When you discover Noppakun Wiropart’s Fotolia portfolio it’s as if someone put you on a plane and whisked you to Japan. But forget the neon lights of Tokyo. His photos capture the stunning but natural, dramatic Japanese landscapes (as well as other gorgeous Asian scenery) and we contacted him to find out more about his journey into the world of stock.
Can you tell us a little bit about yourself?
I’ve been working as a data engineer for over eleven years. Currently, I live in the province of Nakhon Si Thammarat, in Southern Thailand. My adventure in photography started nine years ago and since the very beginning, I started with digital photography. My photographic style mainly represents landscape and travel pictures, since I love watching natural scenes and sharing this moment with someone else.
How did you start photography?
When I was in high school, I went on holiday with a friend. He had a SLR camera and he showed me how to use it. I was so excited. It was the first time I had the opportunity to be in contact with a reflex. When I received the pictures developed by the lab, I was extremely impressed with the difference between these and the photos you’d get with a regular compact camera. At that point, I knew I would dream about getting a reflex, but I couldn’t afford one since it was some expensive equipment. As a teenager, I didn’t have a lot of money to spend on a camera. However, I knew from that moment that photography was going to be my dream hobby. After I graduated and got a job, I could afford my first camera, a Nikon D80. I spent an incredible amount of time learning things about photography, which had become much more than a hobby: my soul and passion. I’ve travelled a lot across Thailand with my cameras as well as in other countries, in order to capture and share many special moments
How would you define your style?
I take travel and landscape photos using as little editing as possible. I use all kinds of filters to make my pictures as beautiful as they can possibly be from the start, so they don’t need much editing.
Why have you become a Fotolia contributor?
In 2010, I had lots of pictures in my collections, but I didn’t know of any marketplace that would have agreed to give a novice photographer like me a chance. That is when a friend suggested a book by Sura Nualpradid, which mentions an illustration images marketplace. I’d like to thank her here. Thanks to Sura Nualpradid’s precious advice, I joined the photographic community of image bank contributors, along with plenty of Thai photographers.
I think it is a wonderful opportunity for me to earn money while doing what I love. I am free to photograph what I love, and if the pictures are good enough, then they can be sold.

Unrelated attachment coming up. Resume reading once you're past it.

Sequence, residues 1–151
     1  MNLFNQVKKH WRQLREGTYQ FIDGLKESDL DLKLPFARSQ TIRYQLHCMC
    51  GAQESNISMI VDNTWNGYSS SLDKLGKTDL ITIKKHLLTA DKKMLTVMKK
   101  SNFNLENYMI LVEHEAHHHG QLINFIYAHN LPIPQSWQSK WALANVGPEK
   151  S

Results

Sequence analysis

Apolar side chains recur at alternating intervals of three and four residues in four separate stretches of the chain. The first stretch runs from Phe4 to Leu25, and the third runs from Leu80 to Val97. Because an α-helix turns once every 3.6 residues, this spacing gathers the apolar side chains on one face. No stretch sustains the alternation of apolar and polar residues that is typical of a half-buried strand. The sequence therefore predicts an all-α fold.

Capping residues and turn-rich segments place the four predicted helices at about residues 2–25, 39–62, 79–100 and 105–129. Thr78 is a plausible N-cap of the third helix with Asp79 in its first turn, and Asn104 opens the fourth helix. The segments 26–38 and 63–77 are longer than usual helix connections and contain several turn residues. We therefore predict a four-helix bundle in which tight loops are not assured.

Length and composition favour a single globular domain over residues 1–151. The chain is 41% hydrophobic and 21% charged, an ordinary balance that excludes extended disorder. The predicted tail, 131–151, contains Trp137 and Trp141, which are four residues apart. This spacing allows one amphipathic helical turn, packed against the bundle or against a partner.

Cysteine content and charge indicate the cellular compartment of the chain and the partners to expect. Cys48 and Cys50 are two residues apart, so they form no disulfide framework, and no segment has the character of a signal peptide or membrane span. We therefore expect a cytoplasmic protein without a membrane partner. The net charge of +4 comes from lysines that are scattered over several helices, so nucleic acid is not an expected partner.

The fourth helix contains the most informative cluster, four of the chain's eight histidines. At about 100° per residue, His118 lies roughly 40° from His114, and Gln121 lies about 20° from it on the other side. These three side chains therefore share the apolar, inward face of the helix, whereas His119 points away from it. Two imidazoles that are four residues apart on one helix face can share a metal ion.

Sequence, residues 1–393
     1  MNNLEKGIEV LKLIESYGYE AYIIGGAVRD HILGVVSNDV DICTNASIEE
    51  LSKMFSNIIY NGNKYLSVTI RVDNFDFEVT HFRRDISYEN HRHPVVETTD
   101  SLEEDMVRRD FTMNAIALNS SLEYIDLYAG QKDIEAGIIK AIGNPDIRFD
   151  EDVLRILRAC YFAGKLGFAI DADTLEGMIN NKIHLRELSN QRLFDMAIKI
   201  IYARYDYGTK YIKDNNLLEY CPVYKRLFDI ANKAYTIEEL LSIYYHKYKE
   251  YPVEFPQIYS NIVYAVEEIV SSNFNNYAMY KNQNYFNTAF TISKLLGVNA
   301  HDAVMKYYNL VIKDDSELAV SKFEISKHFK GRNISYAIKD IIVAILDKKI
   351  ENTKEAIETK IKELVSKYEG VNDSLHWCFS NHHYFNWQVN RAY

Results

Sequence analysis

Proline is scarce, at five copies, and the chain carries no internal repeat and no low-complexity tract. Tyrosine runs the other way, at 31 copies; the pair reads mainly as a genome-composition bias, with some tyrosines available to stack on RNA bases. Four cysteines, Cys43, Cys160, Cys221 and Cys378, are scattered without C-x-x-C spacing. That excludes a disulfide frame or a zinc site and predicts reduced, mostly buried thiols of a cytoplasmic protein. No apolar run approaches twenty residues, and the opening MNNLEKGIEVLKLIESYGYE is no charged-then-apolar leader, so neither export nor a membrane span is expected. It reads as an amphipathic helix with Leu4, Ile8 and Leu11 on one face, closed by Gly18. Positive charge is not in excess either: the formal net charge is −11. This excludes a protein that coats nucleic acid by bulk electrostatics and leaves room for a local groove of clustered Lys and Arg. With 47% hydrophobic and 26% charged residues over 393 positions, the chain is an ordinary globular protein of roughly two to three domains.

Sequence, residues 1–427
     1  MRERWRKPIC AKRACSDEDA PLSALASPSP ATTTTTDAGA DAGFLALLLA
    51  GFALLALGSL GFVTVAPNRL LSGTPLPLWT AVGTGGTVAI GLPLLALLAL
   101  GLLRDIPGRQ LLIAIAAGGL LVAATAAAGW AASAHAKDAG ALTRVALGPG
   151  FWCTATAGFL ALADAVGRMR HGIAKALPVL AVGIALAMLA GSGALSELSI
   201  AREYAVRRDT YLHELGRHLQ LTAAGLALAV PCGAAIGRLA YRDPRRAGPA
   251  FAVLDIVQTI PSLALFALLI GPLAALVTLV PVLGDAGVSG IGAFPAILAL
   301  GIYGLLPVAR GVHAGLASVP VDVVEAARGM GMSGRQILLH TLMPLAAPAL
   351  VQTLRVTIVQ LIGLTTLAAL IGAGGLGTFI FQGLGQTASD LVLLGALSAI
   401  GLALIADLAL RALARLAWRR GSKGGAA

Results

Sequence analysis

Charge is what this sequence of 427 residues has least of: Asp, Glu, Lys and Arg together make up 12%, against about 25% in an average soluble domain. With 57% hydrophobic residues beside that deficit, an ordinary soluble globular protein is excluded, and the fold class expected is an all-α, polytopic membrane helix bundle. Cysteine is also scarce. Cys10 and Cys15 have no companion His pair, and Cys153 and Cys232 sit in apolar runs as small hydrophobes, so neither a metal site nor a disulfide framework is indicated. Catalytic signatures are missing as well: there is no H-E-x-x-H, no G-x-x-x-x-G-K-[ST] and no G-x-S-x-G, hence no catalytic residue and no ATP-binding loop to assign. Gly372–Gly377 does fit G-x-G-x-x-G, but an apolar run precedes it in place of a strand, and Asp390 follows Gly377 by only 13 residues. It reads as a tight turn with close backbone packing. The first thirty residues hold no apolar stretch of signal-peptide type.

What are your feelings on Japan?
Japan is a fascinating country since it offers a cultural mix that tactfully combines ancient society and modern society. Furthermore, Japan owns magnificent outdoors landcapes as well as many tourist attractions. I think that any photographer who’d have the opportunity to visit Japan would fall in love with this country.
How do you express it in your photos?
Before I start taking pictures, I strive to plan my trip. I use several mobile apps in order to help me forecast weather, sun position, etc. I do a preview of the scene as well as careful planning to choose the best moment of the year to get to meet with my photographic target face to face. Once I get there, I visit the place so I can find the best spot, the one that will offer the best composition, and then I wait for the light. And it’s all a stroke of luck. Landscape photographs are strongly influenced by chance, because they mainly depend on light quality.
What material do you use?
My main equipment is the following: Canon 5DMKII, 5DSR; Sony A7R with metabones adapter; Canon 16-35/4 IS; Canon 24-70/4 IS; Canon 70-200/4 IS; GND Lee filters set; ND Lee filters, Hoya and Haida, CPL Heliopan et B+W CPL filters.
Are there Japanese photographers that you’d recommend/who you are inspired by?
To be honest, my inspiration doesn’t come from Japanese photographers. My biggest inspiration is David Noton, one of the best UK photographers. Many pictures from social media are also inspirational to me.
A big thank you to Noppakun for taking the time to speak with us. Discover his full Fotolia portfolio here.